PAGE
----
Verifying metal components are the same potential
Use Megger’s DLRO digital low-resistance ohmmeters to check continuity within bolted or bonded connections. Attach one lead on any metallic surface and use the other lead to test adjacent metal components, including adjacent rows of modules in ground-mounted arrays. The DLRO’s high degree of accuracy, far more accurate than a digital voltmeter, is especially useful for measuring the resistance of bolted connections in electrical panels where conductors are terminated. The standard test leads allow for testing in ground-mount arrays and inter-row bonding. With a line extender, the DLRO can test system components up to 300 feet away.
Testing and verifying grounding system
For large-scale PV systems with complex grounding systems and difficult test environments, especially those with integrated substations, the DET2/3 earth tester offers high-resolution measurements of ground electrode resistance. The test compares the resistance on a tested electrode to the ground resistance on a current terminal and the ground resistance on a potential terminal, each connected to spikes driven into the ground at a distance from the installation. A good connection to ground can minimize the impact of lightning strikes or line surges that would otherwise put people and equipment at risk.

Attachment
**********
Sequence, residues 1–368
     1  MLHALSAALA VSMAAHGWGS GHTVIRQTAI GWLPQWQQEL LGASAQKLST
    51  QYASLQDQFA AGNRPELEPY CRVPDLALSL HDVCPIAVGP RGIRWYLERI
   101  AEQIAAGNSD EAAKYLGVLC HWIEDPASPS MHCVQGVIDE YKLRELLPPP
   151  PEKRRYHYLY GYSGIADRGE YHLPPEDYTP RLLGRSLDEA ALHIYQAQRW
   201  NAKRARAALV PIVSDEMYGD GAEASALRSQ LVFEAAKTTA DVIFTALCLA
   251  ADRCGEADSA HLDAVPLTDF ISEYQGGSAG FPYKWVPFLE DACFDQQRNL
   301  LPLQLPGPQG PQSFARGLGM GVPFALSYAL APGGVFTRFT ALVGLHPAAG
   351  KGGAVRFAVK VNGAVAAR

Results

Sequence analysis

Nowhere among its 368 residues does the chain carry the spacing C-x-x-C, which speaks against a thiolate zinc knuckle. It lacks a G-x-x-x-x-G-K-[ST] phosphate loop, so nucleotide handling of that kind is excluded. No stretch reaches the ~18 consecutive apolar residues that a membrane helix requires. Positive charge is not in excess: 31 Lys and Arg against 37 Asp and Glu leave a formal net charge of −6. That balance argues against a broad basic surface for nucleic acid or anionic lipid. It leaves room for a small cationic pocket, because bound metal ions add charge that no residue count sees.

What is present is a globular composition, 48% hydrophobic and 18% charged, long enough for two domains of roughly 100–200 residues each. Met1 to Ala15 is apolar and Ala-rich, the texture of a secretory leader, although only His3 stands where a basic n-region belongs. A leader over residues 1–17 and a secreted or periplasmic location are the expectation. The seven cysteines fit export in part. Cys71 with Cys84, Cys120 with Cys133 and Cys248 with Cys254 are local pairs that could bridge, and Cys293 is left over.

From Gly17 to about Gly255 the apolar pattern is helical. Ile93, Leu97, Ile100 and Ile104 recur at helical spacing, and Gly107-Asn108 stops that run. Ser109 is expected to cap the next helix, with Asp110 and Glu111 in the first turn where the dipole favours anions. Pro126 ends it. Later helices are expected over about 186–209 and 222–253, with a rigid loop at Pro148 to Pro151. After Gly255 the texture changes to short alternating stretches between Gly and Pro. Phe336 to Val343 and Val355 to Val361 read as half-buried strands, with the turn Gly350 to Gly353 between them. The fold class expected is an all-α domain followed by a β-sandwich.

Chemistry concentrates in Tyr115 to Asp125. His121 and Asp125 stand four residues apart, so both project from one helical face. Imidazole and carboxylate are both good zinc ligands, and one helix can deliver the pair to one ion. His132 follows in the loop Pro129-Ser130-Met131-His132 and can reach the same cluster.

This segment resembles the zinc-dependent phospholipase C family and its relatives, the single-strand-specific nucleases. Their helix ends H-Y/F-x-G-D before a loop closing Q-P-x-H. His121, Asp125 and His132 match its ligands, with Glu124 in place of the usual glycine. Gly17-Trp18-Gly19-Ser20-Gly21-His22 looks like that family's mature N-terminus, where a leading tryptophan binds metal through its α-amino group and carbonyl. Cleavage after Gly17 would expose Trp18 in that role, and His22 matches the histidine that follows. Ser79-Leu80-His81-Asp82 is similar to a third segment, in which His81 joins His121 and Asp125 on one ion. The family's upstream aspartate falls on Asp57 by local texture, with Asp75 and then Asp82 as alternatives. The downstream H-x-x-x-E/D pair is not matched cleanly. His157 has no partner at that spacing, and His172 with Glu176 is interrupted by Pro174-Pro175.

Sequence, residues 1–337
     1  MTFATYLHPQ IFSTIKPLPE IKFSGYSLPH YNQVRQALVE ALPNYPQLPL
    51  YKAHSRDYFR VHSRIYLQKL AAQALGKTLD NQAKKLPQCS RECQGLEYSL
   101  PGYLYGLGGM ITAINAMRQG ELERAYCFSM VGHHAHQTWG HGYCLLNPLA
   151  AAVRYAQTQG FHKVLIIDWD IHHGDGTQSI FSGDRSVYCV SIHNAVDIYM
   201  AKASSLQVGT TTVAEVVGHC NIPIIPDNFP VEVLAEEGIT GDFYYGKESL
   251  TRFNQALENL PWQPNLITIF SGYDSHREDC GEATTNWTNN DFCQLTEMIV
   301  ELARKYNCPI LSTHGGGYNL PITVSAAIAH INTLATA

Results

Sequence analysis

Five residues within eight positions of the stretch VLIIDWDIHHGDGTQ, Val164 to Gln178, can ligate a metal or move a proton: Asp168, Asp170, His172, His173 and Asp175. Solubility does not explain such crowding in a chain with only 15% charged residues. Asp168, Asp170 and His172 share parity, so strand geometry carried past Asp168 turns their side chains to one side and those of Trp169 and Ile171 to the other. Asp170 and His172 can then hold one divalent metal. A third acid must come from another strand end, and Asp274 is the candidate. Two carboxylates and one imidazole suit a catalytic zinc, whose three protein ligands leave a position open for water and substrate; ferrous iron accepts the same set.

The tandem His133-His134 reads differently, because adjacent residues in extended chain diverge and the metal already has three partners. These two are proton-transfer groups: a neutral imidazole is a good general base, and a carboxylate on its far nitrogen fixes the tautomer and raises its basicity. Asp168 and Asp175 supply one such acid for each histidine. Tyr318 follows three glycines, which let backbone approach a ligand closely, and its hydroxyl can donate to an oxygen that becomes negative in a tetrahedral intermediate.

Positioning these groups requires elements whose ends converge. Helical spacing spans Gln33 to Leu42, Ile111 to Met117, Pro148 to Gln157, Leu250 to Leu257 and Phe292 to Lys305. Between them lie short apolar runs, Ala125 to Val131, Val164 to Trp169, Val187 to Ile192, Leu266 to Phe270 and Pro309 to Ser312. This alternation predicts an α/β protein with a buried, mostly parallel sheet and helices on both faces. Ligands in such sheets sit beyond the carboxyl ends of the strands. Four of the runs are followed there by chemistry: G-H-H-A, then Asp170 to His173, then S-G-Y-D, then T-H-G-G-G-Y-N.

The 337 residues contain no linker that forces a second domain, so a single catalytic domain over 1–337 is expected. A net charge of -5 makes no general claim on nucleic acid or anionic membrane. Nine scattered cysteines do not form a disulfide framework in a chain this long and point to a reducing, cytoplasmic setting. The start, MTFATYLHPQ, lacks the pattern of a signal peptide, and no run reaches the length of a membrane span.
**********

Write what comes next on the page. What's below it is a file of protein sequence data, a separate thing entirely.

“Wet test” to find ground faults
There might be times when you wish to simulate rain or dew on a PV system, perhaps because test results in dry conditions are inclusive. In this case, IEC 62446-1, the international standard for PV system testing, documentation, and maintenance, specifies the procedure for a wet insulation resistance test. The only difference between a dry test and a wet test is that you thoroughly spray water or a surfactant onto the equipment that will be put to a wet test. Remember to follow safety precautions when testing electrical equipment in a wet environment, and use the MIT to check for faults.
In the weeks ahead, we will publish a third post in our tools for solar O&M series on the Megger blog. The next post will focus on ground-fault testing.